Campus Sexual Assault Responses (CSAR): Informing Trauma-Informed Policies, Protocols, and Training
Sexual violence is a significant criminal justice problem with long-term effects for its victims. In particular, sexual assault on or related to college campuses across the United States presents a growing public health and economic burden, starting with significant impacts on academic outcomes.
Current State of Knowledge about Stalking and Gender-Based Violence: The Known, Unknown, and Yet To Be Known
Nearly one in six of women experience stalking victimization at some point during their life, and most are stalked by someone who they know—typically current or former intimate partners. Given the escalation of violence and potential harm that an individual may commit while stalking someone, it is important to bring more attention to this issue. This brown-bag session highlights a panel of scholars to share what the field currently knows about stalking behaviors and victims, including a focus on intimate partner violence, non-partner relationships, and police response.
Economic Justice for Survivors of Intimate Partner Violence
Credibility and Use of Scientific and Technical Information in Science Policy Making: An Analysis of the Information Bases of the National Research Council’s committee reports
Impact of Agency Context, Policies, and Practices on Violence Against Police
National Symposium on Sentencing--The Judicial Response to Crime: Instructor's Guide for Classroom Video
National Symposium on Sentencing--The Judicial Response to Crime: Report and Policy Guide
Tax Policy and Tax Avoidance
The Hidden Costs of Reentry: Understanding the Barriers to Removing a Criminal Record
NIJ hosted a webinar to discuss under-researched aspects of reentry: expungement of criminal records and the impact of those records. This webinar includes a presentation of ongoing research projects examining the impact of legal aid for expungement and past research projects studying the accuracy and permanency of criminal records and the prevalence of collateral consequences of conviction. A Q&A session will conclude this webinar.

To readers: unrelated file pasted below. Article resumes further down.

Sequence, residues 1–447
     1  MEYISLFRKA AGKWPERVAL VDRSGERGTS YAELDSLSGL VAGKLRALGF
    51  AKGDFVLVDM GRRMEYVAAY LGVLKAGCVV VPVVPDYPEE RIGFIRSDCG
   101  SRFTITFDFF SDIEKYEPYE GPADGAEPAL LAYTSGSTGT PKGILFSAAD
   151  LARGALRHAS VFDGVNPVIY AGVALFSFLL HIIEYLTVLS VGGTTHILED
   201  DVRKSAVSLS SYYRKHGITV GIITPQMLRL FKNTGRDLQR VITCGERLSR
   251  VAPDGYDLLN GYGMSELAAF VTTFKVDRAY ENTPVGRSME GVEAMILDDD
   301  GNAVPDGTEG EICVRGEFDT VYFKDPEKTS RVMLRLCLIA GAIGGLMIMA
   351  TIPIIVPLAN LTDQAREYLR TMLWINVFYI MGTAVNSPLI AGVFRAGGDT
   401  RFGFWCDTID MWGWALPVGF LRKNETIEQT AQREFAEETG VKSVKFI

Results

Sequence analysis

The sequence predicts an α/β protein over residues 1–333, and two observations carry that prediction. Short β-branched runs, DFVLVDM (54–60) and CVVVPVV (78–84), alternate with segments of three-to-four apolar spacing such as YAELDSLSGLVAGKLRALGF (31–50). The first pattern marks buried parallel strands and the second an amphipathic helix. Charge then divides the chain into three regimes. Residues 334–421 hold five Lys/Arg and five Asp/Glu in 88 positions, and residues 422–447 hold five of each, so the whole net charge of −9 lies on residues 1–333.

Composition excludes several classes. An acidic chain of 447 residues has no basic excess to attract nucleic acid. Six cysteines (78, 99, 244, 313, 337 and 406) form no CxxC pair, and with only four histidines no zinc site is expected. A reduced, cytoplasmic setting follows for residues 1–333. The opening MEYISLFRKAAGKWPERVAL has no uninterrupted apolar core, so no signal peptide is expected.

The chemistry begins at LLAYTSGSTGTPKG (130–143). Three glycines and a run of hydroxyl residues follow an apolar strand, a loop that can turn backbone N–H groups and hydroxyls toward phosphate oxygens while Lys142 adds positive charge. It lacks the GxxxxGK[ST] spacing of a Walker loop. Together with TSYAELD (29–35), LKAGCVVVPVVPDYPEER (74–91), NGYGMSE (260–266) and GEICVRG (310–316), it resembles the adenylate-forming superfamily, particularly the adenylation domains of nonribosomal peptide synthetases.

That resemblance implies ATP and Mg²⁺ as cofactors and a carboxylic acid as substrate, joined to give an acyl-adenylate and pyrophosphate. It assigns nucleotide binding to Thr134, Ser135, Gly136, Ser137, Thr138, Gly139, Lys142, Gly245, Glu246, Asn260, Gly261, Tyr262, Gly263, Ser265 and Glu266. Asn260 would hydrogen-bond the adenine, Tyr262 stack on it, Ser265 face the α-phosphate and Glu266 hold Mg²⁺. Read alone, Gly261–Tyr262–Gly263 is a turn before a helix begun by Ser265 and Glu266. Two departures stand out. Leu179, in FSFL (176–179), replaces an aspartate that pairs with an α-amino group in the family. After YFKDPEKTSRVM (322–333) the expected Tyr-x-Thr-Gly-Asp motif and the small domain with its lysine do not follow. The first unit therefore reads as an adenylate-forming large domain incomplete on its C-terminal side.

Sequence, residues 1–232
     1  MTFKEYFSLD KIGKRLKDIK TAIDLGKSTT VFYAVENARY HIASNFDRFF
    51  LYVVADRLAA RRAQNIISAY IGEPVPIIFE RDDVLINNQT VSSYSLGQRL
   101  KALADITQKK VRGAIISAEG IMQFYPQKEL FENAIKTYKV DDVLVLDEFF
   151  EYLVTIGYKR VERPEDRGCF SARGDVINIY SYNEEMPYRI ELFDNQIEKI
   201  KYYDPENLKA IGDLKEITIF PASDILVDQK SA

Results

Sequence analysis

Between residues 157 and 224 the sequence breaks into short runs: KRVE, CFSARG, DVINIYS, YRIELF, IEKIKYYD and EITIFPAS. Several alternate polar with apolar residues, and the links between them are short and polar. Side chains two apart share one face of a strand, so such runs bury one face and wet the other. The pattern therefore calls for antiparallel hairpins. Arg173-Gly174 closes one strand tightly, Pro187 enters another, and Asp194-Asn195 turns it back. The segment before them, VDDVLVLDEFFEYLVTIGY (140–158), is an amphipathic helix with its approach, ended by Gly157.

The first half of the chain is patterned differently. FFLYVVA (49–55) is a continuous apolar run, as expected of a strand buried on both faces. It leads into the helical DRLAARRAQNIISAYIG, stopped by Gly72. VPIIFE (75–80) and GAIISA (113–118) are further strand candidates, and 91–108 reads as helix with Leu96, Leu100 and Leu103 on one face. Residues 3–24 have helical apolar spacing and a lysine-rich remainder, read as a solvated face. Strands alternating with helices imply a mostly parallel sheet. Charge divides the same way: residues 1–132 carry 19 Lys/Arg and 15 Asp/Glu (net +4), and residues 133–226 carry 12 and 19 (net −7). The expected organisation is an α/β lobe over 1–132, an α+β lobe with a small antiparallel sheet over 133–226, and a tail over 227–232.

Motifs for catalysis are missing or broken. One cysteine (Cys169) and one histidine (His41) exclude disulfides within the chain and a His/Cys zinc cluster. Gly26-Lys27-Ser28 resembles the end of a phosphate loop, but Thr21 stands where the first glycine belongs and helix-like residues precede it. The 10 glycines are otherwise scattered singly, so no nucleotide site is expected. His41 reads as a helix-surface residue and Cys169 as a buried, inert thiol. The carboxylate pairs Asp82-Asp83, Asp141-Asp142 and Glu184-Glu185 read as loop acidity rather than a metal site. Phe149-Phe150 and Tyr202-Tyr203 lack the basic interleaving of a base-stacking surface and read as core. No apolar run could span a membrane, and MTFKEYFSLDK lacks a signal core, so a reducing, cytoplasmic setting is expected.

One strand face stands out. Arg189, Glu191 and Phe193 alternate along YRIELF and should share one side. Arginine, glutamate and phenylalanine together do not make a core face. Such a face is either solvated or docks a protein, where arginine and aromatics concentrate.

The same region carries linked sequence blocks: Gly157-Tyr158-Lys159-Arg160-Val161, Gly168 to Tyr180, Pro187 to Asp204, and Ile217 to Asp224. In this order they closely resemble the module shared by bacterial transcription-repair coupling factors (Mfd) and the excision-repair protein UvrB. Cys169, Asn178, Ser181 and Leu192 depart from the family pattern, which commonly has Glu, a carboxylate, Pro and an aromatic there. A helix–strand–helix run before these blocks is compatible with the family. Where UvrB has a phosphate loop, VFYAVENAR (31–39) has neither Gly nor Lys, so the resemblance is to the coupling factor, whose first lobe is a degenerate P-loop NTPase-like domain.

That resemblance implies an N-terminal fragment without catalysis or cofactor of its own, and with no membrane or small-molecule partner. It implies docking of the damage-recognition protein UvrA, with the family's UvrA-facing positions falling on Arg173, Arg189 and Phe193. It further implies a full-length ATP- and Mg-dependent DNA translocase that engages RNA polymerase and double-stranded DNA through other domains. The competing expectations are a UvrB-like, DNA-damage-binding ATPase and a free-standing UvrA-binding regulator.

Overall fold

Desistance: It’s a Process, Not an Event
The Changing Threat Landscape of Terrorism and Violent Extremism: Implications for Research and Policy
This panel will provide an overview of the current terrorist threat landscape, how it has changed in the last five to ten years, and strategies to best address this threat at the local and national levels. Emphasis will be placed on how several key events in 2021 have shaped the way we think about research and policy in the fields of radicalization and extremism. Panelists will provide data on fluctuations of the most imminent terrorist threats posed to the U.S.
Booker and Beyond Analyzing Sentencing Reform and Exploring New Research Directions
This webinar features a discussion of previously published research on the U.S. Supreme Court’s 2005 Booker decision - which effectively transformed the United States Sentencing Guidelines from a mandatory, to an advisory, system. The presentation will address selected research findings from the last 15 years. Individual participants will briefly review their previous research findings with particular attention paid to the analytic methods used.
NIJ-Funded Research on Firearms Violence in Urban Cities Advancing Scientific Evidence to Inform Practice
In this full thematic panel, renowned experts will present a series of papers summarizing the newest findings of NIJ-funded research projects on criminal offenses with firearms in urban areas. Researchers used various criminological and other theories, including routine activity theory, socio-ecological and socio-environmental perspectives, and advanced mixed-study methods, including surveys and spatio-temporal designs, to produce scientific evidence to inform practice.
Desistance From Crime: Implications for Research, Policy, and Practice
Most scholars would agree that desistance from crime – the process of ceasing engagement in criminal activities – is normative. However, there is variability in the literature regarding the definition and measurement of desistance, the signals of desistance, the age at which desistance begins, and the underlying mechanisms that lead to desistance. Even with considerable advances in the theoretical understanding of desistance from crime, there remain critical gaps between research and the application of that research to practice.
NIJ FY 13 Evaluation of Police and Technology in Schools
NIJ seeks proposals for research to evaluate the use of police and technology in schools. The proposed research should be comprehensive and include assessment of aspects such as school ecology, culture, climate, and social capital in addition to outcomes and other impacts. Logic models should be provided and include assessment of implementation processes and outputs and proximal and distal outcomes. A cost-benefit component should be...
Desistance from Crime: Implications for Research, Policy, and Practice
Why do people stop their involvement in crime? What factors help shape this process? How can policy and practice improve individuals’ chances of ending their criminal behavior?
In NIJ’s new publication Desistance From Crime: Implications for Research, Policy, and Practice, experts explore these and other...